The CSWR is used to assist local permitting agencies in identifying and reviewing the status of wells that are located near or beneath structures. Simultaneously Terra-Petra’s Petroleum Engineering team starts the well abandonment permit process by reviewing the historic well files and preparing the permit package for submittal to CalGEM for review and approval. This process can take anywhere from 3 to 5 months. Once we have permits in hand, we can move into the physical abandonment process. Terra-Petra may spend between 2-5 weeks abandoning a single oil well with one of many abandonment rigs.

Later this year (2nd quarter 2022) we are looking to abandon wells in Redondo Beach and multiple sites in Torrance (pending permit issuance). We are currently consulting on oil well related matters for more than two dozen developments having an oil well on the property.

LEARN MORE ABOUT OUR OIL WELL ABANDONMENT SERVICES

Mysterious Methane Plumes Spotted Above Texas Oil and Gas Fields

Mysterious Methane Plumes Spotted Above Texas Oil and Gas Fields

By Josh Saul

(Bloomberg) — A satellite spotted two plumes of planet-warming methane rising from a patch of East Texas that’s home to multiple oil and gas operations.

State regulators said they couldn’t identify the source of the methane, which is the primary component of natural gas and traps 80 times as much heat than carbon dioxide in its first two decades in the atmosphere. Stemming methane leaks and stopping unnecessary releases is one of the most powerful steps that can be taken to slow global warming.

The two plumes were detected by geoanalytics company Kayrros SAS using a Nov. 29 satellite observation from the European Space Agency. Kayrros estimated that the plumes originated from different sources east of Dallas, about 15 miles apart, in an area dotted with fossil fuel infrastructure.

The plumes had estimated release rates of 21 tons per hour and 24 tons per hour. It’s not possible to determine the duration of leaks because satellites only capture one moment in time. If they lasted an hour, the two clouds combined would equal the average annual emissions from about 800 cars running in the U.S.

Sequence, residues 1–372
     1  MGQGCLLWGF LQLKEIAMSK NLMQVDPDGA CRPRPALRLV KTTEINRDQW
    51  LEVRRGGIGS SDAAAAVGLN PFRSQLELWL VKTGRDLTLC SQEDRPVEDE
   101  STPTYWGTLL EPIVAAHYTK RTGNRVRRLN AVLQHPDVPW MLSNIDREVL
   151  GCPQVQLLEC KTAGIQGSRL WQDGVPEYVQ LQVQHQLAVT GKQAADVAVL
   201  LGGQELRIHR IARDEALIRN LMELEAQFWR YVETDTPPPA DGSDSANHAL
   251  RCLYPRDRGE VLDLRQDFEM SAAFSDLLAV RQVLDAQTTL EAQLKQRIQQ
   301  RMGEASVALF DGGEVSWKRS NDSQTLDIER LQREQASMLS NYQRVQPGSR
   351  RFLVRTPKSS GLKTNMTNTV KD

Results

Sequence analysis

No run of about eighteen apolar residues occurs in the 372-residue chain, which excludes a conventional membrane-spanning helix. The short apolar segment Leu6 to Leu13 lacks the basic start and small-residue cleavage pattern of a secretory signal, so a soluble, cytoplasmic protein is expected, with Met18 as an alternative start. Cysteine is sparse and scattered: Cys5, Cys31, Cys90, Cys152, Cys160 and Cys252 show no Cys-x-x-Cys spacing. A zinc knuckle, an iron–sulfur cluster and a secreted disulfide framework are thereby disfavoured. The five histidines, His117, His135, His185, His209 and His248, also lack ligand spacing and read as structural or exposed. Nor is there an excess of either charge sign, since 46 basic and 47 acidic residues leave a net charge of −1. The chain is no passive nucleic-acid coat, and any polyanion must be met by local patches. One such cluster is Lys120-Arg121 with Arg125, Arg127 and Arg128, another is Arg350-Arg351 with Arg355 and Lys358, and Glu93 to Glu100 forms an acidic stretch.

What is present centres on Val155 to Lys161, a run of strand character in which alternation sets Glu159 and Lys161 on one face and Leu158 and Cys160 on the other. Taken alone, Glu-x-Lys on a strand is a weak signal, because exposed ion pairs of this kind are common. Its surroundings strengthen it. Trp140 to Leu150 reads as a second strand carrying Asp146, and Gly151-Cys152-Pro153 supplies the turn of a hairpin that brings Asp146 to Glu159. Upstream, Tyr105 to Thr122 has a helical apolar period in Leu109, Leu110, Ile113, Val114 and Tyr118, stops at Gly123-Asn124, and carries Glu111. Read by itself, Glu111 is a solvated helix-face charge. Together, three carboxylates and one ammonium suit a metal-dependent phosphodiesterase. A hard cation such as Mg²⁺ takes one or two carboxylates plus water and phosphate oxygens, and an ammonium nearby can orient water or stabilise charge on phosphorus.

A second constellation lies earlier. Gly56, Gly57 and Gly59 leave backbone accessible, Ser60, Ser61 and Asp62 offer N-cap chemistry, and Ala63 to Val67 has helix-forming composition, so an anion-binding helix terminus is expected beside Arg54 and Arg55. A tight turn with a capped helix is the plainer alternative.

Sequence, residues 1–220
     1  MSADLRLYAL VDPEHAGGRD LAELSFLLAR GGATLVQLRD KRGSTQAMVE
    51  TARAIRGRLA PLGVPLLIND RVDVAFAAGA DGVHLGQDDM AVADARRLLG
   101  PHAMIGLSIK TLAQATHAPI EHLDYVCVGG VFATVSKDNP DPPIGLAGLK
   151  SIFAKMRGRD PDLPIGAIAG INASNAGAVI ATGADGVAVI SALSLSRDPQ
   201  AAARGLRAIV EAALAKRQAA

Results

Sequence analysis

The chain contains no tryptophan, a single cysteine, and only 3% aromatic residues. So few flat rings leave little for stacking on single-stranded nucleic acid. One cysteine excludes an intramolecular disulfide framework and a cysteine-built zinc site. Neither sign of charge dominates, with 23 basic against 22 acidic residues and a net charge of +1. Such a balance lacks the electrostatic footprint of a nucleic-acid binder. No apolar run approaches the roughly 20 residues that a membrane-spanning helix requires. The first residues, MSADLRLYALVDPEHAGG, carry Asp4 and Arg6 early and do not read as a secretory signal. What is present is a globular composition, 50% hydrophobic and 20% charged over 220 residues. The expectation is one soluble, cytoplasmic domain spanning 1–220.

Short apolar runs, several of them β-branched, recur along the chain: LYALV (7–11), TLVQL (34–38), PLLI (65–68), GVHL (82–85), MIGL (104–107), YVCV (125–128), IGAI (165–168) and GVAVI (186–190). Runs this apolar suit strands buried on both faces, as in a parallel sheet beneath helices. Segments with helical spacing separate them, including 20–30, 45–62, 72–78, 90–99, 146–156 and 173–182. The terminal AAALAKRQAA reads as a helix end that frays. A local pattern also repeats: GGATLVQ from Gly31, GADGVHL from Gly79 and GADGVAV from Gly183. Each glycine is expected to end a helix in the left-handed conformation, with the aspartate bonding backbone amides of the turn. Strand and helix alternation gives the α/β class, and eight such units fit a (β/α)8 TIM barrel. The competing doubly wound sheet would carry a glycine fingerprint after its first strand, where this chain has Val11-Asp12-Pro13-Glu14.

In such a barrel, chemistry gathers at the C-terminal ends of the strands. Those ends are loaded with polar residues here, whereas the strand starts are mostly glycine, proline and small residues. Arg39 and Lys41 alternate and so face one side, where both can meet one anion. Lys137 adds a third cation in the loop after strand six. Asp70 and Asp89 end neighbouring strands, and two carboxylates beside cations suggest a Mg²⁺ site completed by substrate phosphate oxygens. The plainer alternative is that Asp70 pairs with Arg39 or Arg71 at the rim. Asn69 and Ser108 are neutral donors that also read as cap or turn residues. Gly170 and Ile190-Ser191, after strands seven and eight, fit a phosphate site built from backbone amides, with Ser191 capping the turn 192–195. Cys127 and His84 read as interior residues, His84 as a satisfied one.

Some methane plumes found by satellites can be tracked to specific sources, especially if a company reveals that it released gas at that location at that time. But without anyone stepping forward, the source of such plumes — where multiple companies are operating in a small area — can remain a mystery. On-the-ground monitoring is also sometimes used to link releases to specific producers.

Companies operating pipelines nearby include Boardwalk Pipelines LP, Enbridge Inc. and Atmos Energy Corp. Boardwalk said it didn’t have any leaks or releases that could have caused the clouds. An Enbridge representative said the company isn’t aware of any such release. Atmos didn’t respond to multiple requests for comment.

Texas regulators also weren’t able to identify the source of the methane plumes. The Texas Commission on Environmental Quality wasn’t aware of the plumes, a representative said. A spokesperson for the Railroad Commission of Texas, the primary state regulator of the oil and natural gas industry, referred questions to the TCEQ.

Terra-Petra’s oil field services offer our clients a one-stop shop for all their oil field needs.  Our team will manage your project from start to finish, encompassing everything from initial consultation to the final report and submission of NFA (No Further Action) letter.

With the seemingly endless moving parts involved in successful oil field construction site plan reviewoil well abandonment / re-abandonmentvent cone installationconsulting and more, it’s important to have an expert by your side every step of the way to manage the process and make sure your budget and schedule stay on track.  With Terra-Petra’s hands-on expertise in ALL aspects of oil field management and consulting we stand out amongst other firms in the industry.

LEARN MORE ABOUT OUR OIL FIELD SERVICES

LA to Seek Federal Infrastructure Bill Funds to Remediate Orphaned Oil Wells

LA to Seek Federal Infrastructure Bill Funds to Remediate Orphaned Oil Wells